Life of citizens of Teplice has always been impacted by the fact that the city is located in the North Bohemian coalfield. One would expect that people are roughly acquainted with the history of their own region. Unfortunately they are not as it seems. Jiří R. Haager, the founder of the modern age botanic garden in Teplice, organized a small survey and asked 33 local university students “from what brown coal was formed and from which period it comes from“. Only two roughly knew it, the others remembered “something about giant sedges and horsetails“ from school – but that is black coal and “they were mistaken“ in about 300 million years.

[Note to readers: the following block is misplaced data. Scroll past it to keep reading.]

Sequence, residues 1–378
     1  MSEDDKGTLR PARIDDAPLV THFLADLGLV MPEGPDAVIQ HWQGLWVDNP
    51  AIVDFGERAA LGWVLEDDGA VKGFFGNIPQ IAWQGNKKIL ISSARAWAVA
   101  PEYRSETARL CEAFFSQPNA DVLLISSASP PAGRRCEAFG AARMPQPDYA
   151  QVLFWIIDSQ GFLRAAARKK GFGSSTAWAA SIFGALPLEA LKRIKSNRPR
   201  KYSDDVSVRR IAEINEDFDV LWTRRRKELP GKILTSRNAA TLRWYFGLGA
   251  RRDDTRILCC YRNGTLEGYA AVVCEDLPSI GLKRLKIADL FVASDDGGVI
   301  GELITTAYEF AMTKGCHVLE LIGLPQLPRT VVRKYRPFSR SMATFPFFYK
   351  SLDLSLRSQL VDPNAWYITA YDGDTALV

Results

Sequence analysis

That motivated us to include a part imitating Northbohemian brown coal landscape of early Miocene (this is the period roughly about 17-23 million years ago) in the new greenhouses. Quite a small exposure covers only a couple of meters in the greenhouse but will definitely provide you with interesting information. We had to select replacement material because plants which had been inhabating Northern Bohemia about 20 million years ago do not exist anymore. Where it was possible, we chose at least an identical genus. Therefore the “landscape“ is dominated by glyptostrobus Glyptostrobus pensilis (today only one genus preserved in Southern China) and taxodium (we used Mexican Taxodium mucronatum). Prehistoric oaks were replaced by Northamerican small species, especially Quercus phyllireoides. Instead of non-existing Zelkova zelkovifolia we used dwarf cultivar Zelkova serrata ´Goblin´. The same small cultivar was chosen instead of pincushion, Sciadopitys verticillata, growing only in Japan which we know from the brown coal layers in the form of pollen but in the neighbouring Saxony it had created thick coal layers. There is still a lot of willows growing in our country but these wouldn´t be able to withstand the greenhouse's climate – so we also chose Japanese Salix bakko. Several already extinct species of heathers which used to grow in the Teplice Region, are imitated by North American Myrica pennsylvanica. The exposure is supplemented with generally known Cissus and raspberry (Rubus), palms are represented by the Sabal and Calamus (rotang) genera and ferns Blechnum. The extinct ginger genus Spirematospermum is replaced by Alpinia chinensis from the mountains of south-eastern Asia.